The Storm Bug sailed into Lamacoln’s protected bay just before a cloud bank rolled in, blocking the light of the moon. The ship’s captain dropped anchor as soon as they were inside the bay. They only had a small lamp lit, shaded to help keep it from being seen, and the captain was worried about getting too close to shore and hitting something.
Ellison had been up on the deck since they first caught sight of the island after sleeping most of the afternoon. He woke up just in time to watch the sun set over to the horizon, then to see the island came into view up ahead. He and Welton stayed topside to watch the island get closer and closer in the moonlight.
After the anchor dropped the Royal Season and dimmed the light even further, the security chief came up on deck as well to confer with his lieutenants. Ellison wasn’t invited to the planning. He knew that he wasn’t much use in a combat situation, anyway. But he and Welton drifted over, anyway.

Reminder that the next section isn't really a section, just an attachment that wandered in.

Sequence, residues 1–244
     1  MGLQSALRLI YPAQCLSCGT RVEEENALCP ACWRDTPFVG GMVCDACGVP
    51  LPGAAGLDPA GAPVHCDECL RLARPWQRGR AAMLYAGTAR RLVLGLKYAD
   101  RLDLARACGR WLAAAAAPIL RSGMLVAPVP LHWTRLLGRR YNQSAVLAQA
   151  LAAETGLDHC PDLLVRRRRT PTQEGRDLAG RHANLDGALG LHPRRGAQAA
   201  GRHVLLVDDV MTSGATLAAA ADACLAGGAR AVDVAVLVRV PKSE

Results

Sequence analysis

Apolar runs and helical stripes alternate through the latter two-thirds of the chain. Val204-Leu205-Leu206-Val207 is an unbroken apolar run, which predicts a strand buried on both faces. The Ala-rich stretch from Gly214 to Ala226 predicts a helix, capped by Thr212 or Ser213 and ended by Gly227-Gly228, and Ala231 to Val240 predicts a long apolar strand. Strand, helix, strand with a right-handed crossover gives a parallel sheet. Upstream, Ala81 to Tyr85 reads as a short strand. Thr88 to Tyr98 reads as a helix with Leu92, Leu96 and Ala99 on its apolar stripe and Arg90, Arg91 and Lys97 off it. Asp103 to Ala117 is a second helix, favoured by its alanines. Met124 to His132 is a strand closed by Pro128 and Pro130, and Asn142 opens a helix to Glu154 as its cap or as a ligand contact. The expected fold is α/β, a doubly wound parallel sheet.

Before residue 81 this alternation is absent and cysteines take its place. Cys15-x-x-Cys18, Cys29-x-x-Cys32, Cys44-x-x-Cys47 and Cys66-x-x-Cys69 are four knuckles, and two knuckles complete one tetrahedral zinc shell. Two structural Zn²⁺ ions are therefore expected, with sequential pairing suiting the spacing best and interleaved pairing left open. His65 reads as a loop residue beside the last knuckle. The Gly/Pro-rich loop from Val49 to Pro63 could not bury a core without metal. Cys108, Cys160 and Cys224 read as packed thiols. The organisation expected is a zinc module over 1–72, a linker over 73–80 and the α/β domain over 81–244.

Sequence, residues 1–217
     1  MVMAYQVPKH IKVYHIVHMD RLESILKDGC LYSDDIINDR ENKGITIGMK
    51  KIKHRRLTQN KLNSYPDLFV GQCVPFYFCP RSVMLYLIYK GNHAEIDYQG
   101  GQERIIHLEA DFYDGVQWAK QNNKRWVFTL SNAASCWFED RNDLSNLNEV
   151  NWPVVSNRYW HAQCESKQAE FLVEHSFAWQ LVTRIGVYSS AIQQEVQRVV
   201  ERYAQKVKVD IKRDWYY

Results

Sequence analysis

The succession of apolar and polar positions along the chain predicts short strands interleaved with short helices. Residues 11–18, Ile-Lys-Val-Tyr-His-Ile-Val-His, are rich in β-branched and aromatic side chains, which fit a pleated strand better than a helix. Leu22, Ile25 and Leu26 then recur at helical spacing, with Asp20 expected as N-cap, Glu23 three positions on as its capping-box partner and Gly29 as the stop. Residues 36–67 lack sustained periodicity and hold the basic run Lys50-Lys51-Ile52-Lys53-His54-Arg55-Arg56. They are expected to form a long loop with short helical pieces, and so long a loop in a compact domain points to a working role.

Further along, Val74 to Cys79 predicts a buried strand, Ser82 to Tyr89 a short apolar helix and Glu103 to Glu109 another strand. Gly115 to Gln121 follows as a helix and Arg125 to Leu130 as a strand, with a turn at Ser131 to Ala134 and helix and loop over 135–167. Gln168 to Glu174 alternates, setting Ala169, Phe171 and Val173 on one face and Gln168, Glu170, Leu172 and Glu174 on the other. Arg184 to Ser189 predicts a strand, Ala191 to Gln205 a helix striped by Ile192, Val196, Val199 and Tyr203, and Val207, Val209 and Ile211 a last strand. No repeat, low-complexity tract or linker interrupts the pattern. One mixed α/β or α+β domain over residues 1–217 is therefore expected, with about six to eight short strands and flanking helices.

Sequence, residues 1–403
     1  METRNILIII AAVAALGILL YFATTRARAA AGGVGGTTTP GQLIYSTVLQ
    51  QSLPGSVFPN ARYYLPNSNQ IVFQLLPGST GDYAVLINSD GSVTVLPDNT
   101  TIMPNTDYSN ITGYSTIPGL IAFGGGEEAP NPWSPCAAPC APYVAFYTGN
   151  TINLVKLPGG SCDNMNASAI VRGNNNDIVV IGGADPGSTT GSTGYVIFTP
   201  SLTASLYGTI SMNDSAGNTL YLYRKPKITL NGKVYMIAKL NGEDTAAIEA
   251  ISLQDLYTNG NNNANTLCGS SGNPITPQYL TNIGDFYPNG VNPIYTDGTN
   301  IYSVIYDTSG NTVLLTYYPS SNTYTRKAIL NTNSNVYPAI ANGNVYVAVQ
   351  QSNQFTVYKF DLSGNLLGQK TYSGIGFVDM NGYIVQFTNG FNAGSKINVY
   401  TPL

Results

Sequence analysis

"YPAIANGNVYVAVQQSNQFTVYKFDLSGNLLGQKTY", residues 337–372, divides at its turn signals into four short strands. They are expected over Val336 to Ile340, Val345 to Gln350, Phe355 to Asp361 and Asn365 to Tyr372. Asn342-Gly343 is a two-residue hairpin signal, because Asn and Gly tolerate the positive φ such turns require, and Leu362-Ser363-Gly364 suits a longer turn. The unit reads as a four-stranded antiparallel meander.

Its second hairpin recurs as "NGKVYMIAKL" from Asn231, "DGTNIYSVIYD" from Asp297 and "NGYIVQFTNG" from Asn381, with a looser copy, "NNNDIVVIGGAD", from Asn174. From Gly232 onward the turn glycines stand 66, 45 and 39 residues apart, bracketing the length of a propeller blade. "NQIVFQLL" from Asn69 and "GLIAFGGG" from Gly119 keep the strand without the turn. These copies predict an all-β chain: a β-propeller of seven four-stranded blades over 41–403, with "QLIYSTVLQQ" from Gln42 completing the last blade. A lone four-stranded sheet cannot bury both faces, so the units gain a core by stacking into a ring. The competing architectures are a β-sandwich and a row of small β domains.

Salty Dog, the pirate who Matilda found, was telling Clinio and his team about the lay of the land.
“So the road starts right there,” Salty said, pointing towards the most inland part of the bay. “It winds up to the top of the mountain. I’ve never been up myself, but it seemed to take people a couple of hours to get to the top, then another couple to come back down again with the crates. You have go all the way up, past the temple, and there’s a storage shed up there. The only thing is, when our guys go up, they’re not supposed to interact with the cult members. So sometimes the ship has to wait a day or someone to come down and meet us and take us up. I think there’s someone up there always watching for us to show up.”
“So as soon as the sun’s up, they’ll know we’re here,” Clinio said.
“I’m more interested in the crates.” Welton leaned in. “These are the crates of guns?”
“And gun powder,” said Salty Dog.
“Are you sure this is where they originate?” Welton asked. “Could they have come from somewhere else, then stored here temporarily?”